What are the requirements for solar panel needs?

Roofing requirements

As far as requirements for like a roof mount, solar can go on asphalt shingles, tiles, shingles, clay tiles – literally, the racking system exists that you can build on any roof.

So there really aren’t too many limitations as far as what kind of roofing type. But you typically want a roof that’s in good condition.

So kind of from day one, you want to determine is this roof going to outlast potentially the performance of the solar system? If not, if there are ways that I should mitigate that cost now, you might want to reshingle if the shingles are showing their age.

A lot of these components are fixtures so they can be removed but there is costs associated with installing and uninstalling something that’s functioning to replace the infrastructure below it so you want to avoid that cost because it eats into the economics of doing the project.

Ground mounts are fantastic from a standpoint of installing. It’s safer, it’s easier to maintain, it’s easy to do inspections on and the big one is you get a bump in production.

So when we put a solar system in that’s on the ground, you can point it in the right direction and have it at the right angle if you can adjust the angles seasonally because the sun changes in the horizon you can further optimize the worst times of the years and the best times of the years when the sun is overhead so your production numbers increase so now you need less infrastructure to produce the same or more energy. But it might come with some additional costs because now you’re building the infrastructure for a ground mount whereas before you were just using a garage roof or a house roof there is a market for off-grid people there is a community of people that want to be independent but we think that there’s more opportunity and more benefit if we’re able to offer solar to a much bigger demographic.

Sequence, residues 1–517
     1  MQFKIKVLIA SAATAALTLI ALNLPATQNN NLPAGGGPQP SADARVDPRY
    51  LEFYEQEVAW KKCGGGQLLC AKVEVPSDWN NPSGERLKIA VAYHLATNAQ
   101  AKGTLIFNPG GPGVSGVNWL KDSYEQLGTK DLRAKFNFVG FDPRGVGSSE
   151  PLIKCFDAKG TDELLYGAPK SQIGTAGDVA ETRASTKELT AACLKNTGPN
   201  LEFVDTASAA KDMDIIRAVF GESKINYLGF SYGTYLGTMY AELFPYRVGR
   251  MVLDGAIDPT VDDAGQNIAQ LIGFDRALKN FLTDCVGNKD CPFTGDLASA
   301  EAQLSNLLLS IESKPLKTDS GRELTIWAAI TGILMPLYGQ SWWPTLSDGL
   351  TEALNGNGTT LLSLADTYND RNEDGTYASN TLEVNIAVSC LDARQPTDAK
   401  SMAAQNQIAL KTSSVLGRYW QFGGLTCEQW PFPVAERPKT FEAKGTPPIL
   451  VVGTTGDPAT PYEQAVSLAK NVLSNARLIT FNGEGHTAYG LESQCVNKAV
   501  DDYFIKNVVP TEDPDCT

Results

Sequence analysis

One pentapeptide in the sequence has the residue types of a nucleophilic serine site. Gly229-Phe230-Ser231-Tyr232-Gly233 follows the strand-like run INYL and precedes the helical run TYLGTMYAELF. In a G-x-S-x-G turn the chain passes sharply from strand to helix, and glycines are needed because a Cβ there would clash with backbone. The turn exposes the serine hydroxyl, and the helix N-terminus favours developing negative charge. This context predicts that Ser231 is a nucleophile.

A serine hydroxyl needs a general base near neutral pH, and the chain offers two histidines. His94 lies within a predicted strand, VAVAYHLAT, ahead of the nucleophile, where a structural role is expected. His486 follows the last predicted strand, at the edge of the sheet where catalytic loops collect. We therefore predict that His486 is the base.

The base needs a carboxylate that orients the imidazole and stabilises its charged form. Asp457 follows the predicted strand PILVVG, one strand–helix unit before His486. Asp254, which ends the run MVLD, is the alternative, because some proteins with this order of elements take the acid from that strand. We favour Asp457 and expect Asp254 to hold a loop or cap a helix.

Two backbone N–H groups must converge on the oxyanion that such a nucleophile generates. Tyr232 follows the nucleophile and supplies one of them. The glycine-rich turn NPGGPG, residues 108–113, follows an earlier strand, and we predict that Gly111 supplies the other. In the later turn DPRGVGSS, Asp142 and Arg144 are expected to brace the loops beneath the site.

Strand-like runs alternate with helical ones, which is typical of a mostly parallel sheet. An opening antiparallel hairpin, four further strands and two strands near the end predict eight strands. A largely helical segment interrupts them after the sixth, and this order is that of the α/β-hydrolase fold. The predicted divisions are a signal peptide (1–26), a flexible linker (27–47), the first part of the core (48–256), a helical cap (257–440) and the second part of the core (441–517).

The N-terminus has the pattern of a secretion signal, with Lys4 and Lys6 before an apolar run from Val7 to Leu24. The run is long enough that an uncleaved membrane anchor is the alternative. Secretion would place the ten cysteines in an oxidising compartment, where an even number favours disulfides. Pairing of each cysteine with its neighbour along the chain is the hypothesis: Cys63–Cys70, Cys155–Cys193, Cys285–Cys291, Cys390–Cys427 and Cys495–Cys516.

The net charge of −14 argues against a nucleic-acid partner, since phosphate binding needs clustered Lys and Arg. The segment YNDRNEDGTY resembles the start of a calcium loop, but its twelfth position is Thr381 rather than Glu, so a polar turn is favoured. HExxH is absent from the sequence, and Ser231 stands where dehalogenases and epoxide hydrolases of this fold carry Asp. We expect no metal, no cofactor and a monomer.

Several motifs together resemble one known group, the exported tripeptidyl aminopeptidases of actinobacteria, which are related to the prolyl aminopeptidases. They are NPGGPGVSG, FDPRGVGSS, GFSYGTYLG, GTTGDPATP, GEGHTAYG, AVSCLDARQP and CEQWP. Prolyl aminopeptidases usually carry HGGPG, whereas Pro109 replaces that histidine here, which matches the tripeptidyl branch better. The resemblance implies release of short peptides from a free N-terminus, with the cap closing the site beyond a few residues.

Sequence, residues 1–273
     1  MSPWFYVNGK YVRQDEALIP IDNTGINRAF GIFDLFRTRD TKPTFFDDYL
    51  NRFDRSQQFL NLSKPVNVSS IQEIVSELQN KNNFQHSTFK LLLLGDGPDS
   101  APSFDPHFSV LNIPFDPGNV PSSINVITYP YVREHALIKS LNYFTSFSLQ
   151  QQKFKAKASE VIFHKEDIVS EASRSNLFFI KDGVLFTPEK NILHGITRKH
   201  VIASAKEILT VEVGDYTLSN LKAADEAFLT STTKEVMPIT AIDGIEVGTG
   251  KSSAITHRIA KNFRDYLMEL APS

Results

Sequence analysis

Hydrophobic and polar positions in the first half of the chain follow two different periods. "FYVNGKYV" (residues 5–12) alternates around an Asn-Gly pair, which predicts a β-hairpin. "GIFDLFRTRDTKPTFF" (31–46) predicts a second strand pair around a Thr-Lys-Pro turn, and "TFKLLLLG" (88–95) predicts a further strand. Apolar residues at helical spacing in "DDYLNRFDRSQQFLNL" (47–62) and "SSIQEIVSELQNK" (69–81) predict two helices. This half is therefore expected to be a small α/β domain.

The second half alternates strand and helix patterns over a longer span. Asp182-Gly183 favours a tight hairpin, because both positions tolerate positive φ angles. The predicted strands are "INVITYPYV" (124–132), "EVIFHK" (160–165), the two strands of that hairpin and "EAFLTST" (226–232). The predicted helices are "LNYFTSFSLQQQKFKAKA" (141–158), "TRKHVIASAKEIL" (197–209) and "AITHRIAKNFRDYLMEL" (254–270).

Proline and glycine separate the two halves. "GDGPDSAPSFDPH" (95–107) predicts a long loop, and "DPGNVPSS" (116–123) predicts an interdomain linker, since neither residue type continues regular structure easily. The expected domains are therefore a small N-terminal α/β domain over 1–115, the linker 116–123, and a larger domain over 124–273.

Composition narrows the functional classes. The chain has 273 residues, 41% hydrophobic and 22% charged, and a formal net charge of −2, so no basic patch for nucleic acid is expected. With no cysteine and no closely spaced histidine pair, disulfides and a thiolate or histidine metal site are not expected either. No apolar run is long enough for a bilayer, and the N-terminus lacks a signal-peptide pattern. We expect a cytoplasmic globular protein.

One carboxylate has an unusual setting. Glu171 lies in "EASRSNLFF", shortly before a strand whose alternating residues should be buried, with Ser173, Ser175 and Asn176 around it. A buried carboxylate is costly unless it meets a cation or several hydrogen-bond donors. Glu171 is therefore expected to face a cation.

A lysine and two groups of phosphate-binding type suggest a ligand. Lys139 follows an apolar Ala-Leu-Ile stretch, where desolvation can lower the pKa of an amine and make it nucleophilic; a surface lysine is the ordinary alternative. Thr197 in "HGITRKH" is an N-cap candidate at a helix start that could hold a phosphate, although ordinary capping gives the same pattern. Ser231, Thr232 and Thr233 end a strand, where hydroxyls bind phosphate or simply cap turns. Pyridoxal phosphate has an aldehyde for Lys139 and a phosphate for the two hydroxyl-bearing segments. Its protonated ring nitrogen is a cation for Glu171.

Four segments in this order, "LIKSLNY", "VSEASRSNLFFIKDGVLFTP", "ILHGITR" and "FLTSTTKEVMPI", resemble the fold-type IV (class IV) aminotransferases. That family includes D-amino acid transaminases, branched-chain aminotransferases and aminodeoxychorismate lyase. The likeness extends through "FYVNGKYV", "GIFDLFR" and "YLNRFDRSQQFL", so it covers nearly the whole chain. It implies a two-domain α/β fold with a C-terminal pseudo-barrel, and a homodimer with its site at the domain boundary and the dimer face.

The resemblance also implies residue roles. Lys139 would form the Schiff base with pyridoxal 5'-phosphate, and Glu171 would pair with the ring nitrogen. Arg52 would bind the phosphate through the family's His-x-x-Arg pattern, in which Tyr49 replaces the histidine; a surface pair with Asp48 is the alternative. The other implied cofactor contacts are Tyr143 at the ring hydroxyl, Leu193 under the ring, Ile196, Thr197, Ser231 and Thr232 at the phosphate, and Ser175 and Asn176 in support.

Estimate energy consumption for your house

In the first step you need to learn how much you’re spending on electricity and what size of solar panels you require.

You can learn a lot from the electric panel of your house. Typical usage of electricity in a house included computers, TVs, EV charging, and other things like heat pump HVAC system, water heater, and appliances.

For all of this, you can use the Energy Star labels, which estimate yearly energy use and costs. For HVAC and hot water, you can use manual J estimates that a mechanical engineer can put together. I recommend using a spreadsheet calculating all this up.

At the end of the day, you need rough monthly average estimate we needed to hit for 100% net-zero energy production over the course of a year. And no, this doesn’t mean being off-grid, in most cases this is not the goal.

In the dead of winter, the solar production will be too low to be off-grid, but in the middle of summer, you’ll be producing more energy than need. Net metering credits roll over month to month, so it will (in theory) even out over the course of the year for kWh in versus out.

In the case of my house, we went with 43 REC Alpha 400 panels (these are 400 watts each), which means a total system size of 17.2 kW. For comparison, my old house had 26 365-watt LG panels for a total of 9.49 kW and roughly 7,000 kWh/year. This new setup is capable of producing about twice what the old one was capable of, but unlike the old one, this new house is situated better.

The better angle of the panels and less shading means we’re getting better performance out of each solar panel. We have several large roof areas that face in a southern direction with no shade. And we have a small number of panels on the front of the house that face almost due west to capture some of the last light in the afternoon and evening. It’s estimated that we’ll produce almost 18,000 kWh/year (17,998 kWh to be exact). Much better performance than the old house.

Since this is our forever home we went with a metal roof, which should last 50+ years and outlast the solar panels. Best part is that you don’t have to nail or screw through the metal roof to install the panels. Unless one of the carpenters working on your house accidentally drives a screw through your brand new metal roof.

The Power of Net Metering

There are more people connected to the grid than off-grid, making net metering the most popular program. With net metering, you remain connected to the grid but generate as much energy as you use over the year. In the summer, excess energy is credited, and in winter, you draw from this credit when needed. Systems are designed to target a hundred percent offset, with incentives for surplus generation.

The Viability of Solar Systems

In recent years, solar panel prices have dropped significantly, making solar energy more accessible. Coupled with decreasing battery costs, generating low-cost renewable energy has become feasible. Solar systems, combined with batteries, offer functionality even during power outages, providing a reliable energy source.